Dispelling the Biggest Argument

When opponents really are afraid of something, they like to start throwing cost numbers around, and when this happens fair-weather-friends also become frightened, and tend to fall away. Recently, regardless of what his personal feelings may be, Don Willmott (Huffington Post), wrote a short article which basically stated that Solar Roadways is simply too expensive–he called it, “cost-prohibitive.”

He cited a similar project–a bicycle path in a town outside of Amsterdam–as a cost example. The 230 foot stretch was replaced by some solar collecting panels (basically sandwiched between concrete and tempered glass) by the group, Netherlands Organization for Applied Scientific Research. The article downplays the fact that this experiment is producing enough electricity to power three homes, and concentrates on the cost, instead. The project cost $3.7 million. This number than turns into a projected $1.1 billion, when a comparison is made with a 13 mile bike path in Manhattan.

Hmm… Compare that to the reality of what a normal road costs. Many bike trails and roads are made from good ol‘ asphalt. At 2 inches thick, it takes  1,548 tons of asphalt to cover 1 mile of road. What’s asphalt made out of? Asphalt is made from nothing less than crude oil! It is strengthened with aggregates–quarried granite gouged from the sides of mountains, and then crushed into powder. And this way of thinking puts big holes in our planet, and creates more pollution in the process.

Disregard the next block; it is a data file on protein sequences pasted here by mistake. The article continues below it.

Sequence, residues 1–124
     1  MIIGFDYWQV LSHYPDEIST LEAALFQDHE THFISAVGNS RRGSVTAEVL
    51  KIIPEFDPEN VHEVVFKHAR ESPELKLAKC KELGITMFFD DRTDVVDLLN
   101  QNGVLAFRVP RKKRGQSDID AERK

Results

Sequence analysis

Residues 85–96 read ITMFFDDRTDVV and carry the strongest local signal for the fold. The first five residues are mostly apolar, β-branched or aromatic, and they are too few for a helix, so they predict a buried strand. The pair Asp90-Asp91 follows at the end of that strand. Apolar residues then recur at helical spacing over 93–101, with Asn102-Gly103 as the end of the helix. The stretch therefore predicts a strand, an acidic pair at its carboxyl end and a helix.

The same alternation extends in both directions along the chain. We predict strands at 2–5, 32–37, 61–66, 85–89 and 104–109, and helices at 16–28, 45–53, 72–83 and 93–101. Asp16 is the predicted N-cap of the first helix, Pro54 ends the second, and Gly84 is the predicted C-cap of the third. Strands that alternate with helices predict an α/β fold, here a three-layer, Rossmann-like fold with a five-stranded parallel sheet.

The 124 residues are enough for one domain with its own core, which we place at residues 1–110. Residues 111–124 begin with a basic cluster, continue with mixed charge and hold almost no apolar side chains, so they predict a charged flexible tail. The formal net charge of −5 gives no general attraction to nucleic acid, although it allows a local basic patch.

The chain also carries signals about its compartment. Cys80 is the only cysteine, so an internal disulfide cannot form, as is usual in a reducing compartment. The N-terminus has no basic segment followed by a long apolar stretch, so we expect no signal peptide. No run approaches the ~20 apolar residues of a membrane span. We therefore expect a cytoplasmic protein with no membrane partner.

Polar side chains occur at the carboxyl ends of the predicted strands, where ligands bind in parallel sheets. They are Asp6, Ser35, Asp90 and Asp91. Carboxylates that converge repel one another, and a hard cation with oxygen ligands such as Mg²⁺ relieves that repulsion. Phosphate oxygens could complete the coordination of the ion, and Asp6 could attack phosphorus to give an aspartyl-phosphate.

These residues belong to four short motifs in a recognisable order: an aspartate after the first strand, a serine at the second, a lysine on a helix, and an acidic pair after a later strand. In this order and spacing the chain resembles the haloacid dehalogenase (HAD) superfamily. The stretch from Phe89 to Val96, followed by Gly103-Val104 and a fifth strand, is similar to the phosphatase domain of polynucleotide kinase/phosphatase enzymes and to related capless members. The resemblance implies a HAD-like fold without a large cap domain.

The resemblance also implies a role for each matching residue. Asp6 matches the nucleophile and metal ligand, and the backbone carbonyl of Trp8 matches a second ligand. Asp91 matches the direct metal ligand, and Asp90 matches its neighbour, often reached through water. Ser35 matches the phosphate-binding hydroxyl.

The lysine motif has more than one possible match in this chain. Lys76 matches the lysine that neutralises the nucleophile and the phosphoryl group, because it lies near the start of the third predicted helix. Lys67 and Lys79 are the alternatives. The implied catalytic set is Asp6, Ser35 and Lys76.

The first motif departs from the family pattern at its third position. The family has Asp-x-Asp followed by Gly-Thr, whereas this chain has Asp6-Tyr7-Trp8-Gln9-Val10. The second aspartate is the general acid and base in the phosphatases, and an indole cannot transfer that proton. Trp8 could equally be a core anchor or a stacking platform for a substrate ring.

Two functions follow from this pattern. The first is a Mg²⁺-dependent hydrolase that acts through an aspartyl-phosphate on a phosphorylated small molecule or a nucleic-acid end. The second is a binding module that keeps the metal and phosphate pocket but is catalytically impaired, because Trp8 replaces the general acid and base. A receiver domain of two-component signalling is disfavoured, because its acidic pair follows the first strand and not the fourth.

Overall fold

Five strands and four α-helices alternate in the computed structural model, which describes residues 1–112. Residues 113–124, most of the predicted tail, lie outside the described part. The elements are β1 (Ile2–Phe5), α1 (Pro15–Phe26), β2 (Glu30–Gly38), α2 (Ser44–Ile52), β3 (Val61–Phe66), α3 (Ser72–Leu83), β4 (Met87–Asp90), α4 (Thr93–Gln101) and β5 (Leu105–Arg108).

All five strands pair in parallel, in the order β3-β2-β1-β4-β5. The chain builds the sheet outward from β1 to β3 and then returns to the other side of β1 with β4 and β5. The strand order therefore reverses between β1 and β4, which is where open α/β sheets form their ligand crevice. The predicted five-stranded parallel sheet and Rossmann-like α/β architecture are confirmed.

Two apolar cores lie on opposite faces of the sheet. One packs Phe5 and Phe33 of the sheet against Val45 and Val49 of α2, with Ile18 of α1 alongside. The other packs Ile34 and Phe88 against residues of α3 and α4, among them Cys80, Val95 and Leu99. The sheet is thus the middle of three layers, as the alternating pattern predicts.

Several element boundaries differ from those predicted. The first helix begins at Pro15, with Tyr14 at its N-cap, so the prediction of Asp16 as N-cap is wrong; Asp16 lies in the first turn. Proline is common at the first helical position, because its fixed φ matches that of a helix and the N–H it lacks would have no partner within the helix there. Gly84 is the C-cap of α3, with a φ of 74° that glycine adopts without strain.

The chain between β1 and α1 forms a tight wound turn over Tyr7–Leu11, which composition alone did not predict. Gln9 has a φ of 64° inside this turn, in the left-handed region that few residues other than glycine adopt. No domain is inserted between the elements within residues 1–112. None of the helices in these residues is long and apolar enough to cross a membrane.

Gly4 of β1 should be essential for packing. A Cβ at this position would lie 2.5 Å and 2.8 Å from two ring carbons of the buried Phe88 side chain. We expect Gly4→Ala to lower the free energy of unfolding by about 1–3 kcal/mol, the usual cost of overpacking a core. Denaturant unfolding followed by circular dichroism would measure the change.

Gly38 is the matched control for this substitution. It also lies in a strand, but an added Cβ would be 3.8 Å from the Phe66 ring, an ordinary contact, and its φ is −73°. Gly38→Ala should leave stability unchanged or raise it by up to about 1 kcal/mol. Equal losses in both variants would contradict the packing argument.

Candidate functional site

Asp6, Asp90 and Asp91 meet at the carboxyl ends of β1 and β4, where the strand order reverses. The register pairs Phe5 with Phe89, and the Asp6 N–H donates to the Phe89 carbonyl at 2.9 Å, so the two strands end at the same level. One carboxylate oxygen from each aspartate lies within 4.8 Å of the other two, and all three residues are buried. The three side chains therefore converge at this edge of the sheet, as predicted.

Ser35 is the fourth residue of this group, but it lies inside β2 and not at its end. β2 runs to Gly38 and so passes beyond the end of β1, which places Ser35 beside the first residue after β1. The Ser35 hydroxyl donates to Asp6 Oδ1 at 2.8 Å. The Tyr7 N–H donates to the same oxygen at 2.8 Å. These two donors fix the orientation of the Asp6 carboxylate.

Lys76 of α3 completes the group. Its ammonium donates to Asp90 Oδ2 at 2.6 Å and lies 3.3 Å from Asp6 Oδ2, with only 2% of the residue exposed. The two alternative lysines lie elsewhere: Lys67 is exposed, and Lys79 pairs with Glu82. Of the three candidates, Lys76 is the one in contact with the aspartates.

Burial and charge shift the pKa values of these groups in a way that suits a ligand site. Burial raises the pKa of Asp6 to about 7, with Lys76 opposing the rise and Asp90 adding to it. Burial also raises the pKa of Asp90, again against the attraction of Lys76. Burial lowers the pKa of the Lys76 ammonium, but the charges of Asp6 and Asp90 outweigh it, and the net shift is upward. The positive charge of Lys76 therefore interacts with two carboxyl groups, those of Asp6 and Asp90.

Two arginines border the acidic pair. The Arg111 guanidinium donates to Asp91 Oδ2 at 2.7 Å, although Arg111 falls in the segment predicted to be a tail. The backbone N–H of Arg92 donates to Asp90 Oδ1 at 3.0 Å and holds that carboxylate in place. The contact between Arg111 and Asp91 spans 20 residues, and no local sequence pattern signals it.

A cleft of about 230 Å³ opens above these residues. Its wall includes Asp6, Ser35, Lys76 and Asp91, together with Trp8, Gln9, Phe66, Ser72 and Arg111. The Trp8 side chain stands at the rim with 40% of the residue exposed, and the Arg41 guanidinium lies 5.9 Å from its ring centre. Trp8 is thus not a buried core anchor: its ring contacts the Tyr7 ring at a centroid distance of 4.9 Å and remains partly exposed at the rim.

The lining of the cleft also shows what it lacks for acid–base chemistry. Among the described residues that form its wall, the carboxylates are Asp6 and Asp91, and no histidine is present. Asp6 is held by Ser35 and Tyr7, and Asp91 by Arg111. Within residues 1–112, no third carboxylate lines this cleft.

Even though proponents of old school thinking have at least attempted to reuse asphalt and concrete, it’s not a sustainable material–the majority of asphalt or concrete reused is pale in comparison to the amounts of new material added to the mix to make it work. In the meantime, the world’s deposits of crude oil are all but gone, though people are still oil- dependent, and quarrying for more aggregates continues, scaring the landscape in much the same way as mountain-top removal mining operations for coal.

Time to Change

Solar power is free. The sun’s going to be around for a long time. Harnessing its power in anyway we can is the smartest thing we can do. If we are going to change, then we have to get past our fears, and look at the big picture. At the moment, all roads do is provide a place to drive a car. Why not make them do more than one thing? Utilizing an otherwise useless space just makes sense.

Now Solar Roadways is back on Indiegogo as an InDemand project. Be sure to head over there and support what an amazing idea. Solar Roadways on Indiegogo.

Aaaaannd Here is Solar Freakin’ Roadways.

 

Solar Roadways Logo